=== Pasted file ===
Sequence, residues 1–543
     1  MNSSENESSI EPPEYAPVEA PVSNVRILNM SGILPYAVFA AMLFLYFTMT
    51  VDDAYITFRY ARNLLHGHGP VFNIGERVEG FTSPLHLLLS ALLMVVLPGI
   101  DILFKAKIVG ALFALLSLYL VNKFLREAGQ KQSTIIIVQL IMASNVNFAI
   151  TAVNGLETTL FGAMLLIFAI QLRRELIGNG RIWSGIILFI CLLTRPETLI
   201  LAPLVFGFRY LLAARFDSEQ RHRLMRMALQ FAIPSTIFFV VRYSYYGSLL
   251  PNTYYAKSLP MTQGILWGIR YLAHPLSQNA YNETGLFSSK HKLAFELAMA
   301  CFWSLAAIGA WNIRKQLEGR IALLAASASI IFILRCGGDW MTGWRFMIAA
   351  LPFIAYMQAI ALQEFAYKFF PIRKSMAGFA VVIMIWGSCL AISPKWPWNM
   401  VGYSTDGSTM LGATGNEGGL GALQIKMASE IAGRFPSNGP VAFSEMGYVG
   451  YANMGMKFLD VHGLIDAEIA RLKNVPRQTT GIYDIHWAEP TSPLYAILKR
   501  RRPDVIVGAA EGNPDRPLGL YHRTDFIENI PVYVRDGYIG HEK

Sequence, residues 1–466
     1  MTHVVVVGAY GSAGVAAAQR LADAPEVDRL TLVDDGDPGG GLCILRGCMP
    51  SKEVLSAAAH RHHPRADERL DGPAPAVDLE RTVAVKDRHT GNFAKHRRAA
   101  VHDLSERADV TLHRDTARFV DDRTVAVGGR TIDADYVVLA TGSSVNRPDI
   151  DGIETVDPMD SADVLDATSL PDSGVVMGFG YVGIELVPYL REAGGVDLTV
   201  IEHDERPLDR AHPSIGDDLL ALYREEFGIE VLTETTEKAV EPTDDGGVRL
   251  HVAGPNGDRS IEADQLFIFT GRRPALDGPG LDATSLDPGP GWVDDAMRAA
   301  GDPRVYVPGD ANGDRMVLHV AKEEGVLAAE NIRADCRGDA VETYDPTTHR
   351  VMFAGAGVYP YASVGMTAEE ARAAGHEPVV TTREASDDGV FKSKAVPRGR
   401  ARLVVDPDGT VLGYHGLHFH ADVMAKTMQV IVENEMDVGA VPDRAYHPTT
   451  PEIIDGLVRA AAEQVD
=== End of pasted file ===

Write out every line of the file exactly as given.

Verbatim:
Sequence, residues 1–543
     1  MNSSENESSI EPPEYAPVEA PVSNVRILNM SGILPYAVFA AMLFLYFTMT
    51  VDDAYITFRY ARNLLHGHGP VFNIGERVEG FTSPLHLLLS ALLMVVLPGI
   101  DILFKAKIVG ALFALLSLYL VNKFLREAGQ KQSTIIIVQL IMASNVNFAI
   151  TAVNGLETTL FGAMLLIFAI QLRRELIGNG RIWSGIILFI CLLTRPETLI
   201  LAPLVFGFRY LLAARFDSEQ RHRLMRMALQ FAIPSTIFFV VRYSYYGSLL
   251  PNTYYAKSLP MTQGILWGIR YLAHPLSQNA YNETGLFSSK HKLAFELAMA
   301  CFWSLAAIGA WNIRKQLEGR IALLAASASI IFILRCGGDW MTGWRFMIAA
   351  LPFIAYMQAI ALQEFAYKFF PIRKSMAGFA VVIMIWGSCL AISPKWPWNM
   401  VGYSTDGSTM LGATGNEGGL GALQIKMASE IAGRFPSNGP VAFSEMGYVG
   451  YANMGMKFLD VHGLIDAEIA RLKNVPRQTT GIYDIHWAEP TSPLYAILKR
   501  RRPDVIVGAA EGNPDRPLGL YHRTDFIENI PVYVRDGYIG HEK

Sequence, residues 1–466
     1  MTHVVVVGAY GSAGVAAAQR LADAPEVDRL TLVDDGDPGG GLCILRGCMP
    51  SKEVLSAAAH RHHPRADERL DGPAPAVDLE RTVAVKDRHT GNFAKHRRAA
   101  VHDLSERADV TLHRDTARFV DDRTVAVGGR TIDADYVVLA TGSSVNRPDI
   151  DGIETVDPMD SADVLDATSL PDSGVVMGFG YVGIELVPYL REAGGVDLTV
   201  IEHDERPLDR AHPSIGDDLL ALYREEFGIE VLTETTEKAV EPTDDGGVRL
   251  HVAGPNGDRS IEADQLFIFT GRRPALDGPG LDATSLDPGP GWVDDAMRAA
   301  GDPRVYVPGD ANGDRMVLHV AKEEGVLAAE NIRADCRGDA VETYDPTTHR
   351  VMFAGAGVYP YASVGMTAEE ARAAGHEPVV TTREASDDGV FKSKAVPRGR
   401  ARLVVDPDGT VLGYHGLHFH ADVMAKTMQV IVENEMDVGA VPDRAYHPTT
   451  PEIIDGLVRA AAEQVD